WASHINGTON — Feb. 20 marks the 50th anniversary of the day in 1962 when U.S. Sen. John Glenn piloted his Friendship 7 spacecraft on the first U.S. orbital. In the next two weeks, NASA Television will broadcast a series of live events and special programming to commemorate 50 years of Americans in orbit, including the premiere of a new documentary and special interactive online features.
Here is a list of scheduled activities, all of which will be broadcast on NASA Television:
- Thursday, Feb. 16
- 8-8:30 p.m.: Premiere of “Friendship 7: 50th Anniversary of Americans in Orbit” on NASA TV, a documentary on Glenn’s historic mission featuring new interviews with Glenn and fellow Mercury astronaut Scott Carpenter.
- Friday, Feb. 17
- 10-11 a.m. EST: Glenn and Carpenter, the first two Americans to orbit Earth, will join NASA Administrator Charles Bolden and Kennedy Space Center Director Robert Cabana for a presentation about NASA’s past, present and future. The event is open to employees at the space center in Florida.
- 3-3:30 p.m. EST: Glenn and Carpenter will conduct a news conference in the Mercury Mission Control exhibit of the Kennedy Space Center Visitor Complex.
- Saturday, Feb. 18
- 6:30 p.m. EST: Glenn and Carpenter will participate in “On the Shoulders of Giants,” a ceremony at the Kennedy Space Center Visitor Complex honoring all who made NASA’s Project Mercury possible. The program will include remarks from Cabana, Sen. Bill Nelson (D-Fla.) and astronaut Steve Robinson, who flew with Glenn on his second trip into orbit on space shuttle Discovery’s STS-95 mission in 1998.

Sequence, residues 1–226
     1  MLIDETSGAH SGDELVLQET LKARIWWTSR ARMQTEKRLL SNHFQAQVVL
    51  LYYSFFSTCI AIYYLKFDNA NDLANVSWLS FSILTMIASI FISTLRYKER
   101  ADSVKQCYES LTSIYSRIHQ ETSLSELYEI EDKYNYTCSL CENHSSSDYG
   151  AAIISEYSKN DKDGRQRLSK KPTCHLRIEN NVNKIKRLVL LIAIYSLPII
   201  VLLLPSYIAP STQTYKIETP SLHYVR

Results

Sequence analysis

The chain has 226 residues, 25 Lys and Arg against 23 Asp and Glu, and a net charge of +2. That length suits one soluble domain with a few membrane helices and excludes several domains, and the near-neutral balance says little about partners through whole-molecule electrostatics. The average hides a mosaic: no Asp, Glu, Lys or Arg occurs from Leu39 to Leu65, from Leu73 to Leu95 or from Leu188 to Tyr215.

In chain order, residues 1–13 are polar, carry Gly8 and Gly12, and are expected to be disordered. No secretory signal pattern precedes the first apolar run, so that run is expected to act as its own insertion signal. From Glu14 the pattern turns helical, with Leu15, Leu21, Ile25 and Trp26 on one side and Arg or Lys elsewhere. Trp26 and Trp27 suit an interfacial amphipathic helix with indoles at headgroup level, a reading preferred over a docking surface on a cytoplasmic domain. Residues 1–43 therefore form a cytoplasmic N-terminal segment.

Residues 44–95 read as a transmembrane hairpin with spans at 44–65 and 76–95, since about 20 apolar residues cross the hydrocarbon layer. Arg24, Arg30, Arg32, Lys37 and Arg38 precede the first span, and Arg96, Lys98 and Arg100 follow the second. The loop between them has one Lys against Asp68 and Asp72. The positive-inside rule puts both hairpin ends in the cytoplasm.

- Monday, Feb. 20
- 1:30-3:15 p.m. EST: Glenn and NASA Administrator Charles Bolden will speak live with the crew on board the International Space Station to kick off the agency’s two-day Future Forum at Ohio State University in Columbus. Glenn also will participate in a panel session, “Learning from the Past to Innovate for the Future,” at the event.
- Tuesday, Feb. 21
- 3-3:15 p.m. EST: Glenn will deliver closing remarks at the NASA Future Forum.
- Friday, March 2
- 1-2 p.m. EST: Glenn will deliver the keynote address at “Celebrating John Glenn’s Legacy: 50 Years of Americans in Orbit” a special event hosted by NASA’s Glenn Research Center at Cleveland State University’s Wolstein Center, 2000 Prospect Ave., in Cleveland. The tribute will be included in a Tweetup which the research center is hosting for its Twitter followers on the same day.
An interactive online feature about the Mercury program and Glenn’s flight is available on the agency’s Internet homepage at:
For NASA TV downlink, schedule and streaming video information, visit:
Official landing times:
Mission Elapsed Times (MET):
Main Gear Touchdown: MET 12/18:27:56 - 9:57:00 am UTC
Nose Gear Touchdown: MET 12/18:28:16 - 9:57:20 am UTC
Wheel Stop: MET 12/18:28:50 - 9:57:54 am UTC
High resolution images of Atlantis are now on nasa.gov.
NASA’s Dawn spacecraft obtained this image of the protoplanet Vesta with its framing camera on July 18, 2011. It was taken from a distance of about 10,500 kilometers. The smallest detail visible is about 2.0 km.
In August, Dawn will begin sending images from its high resolution camera.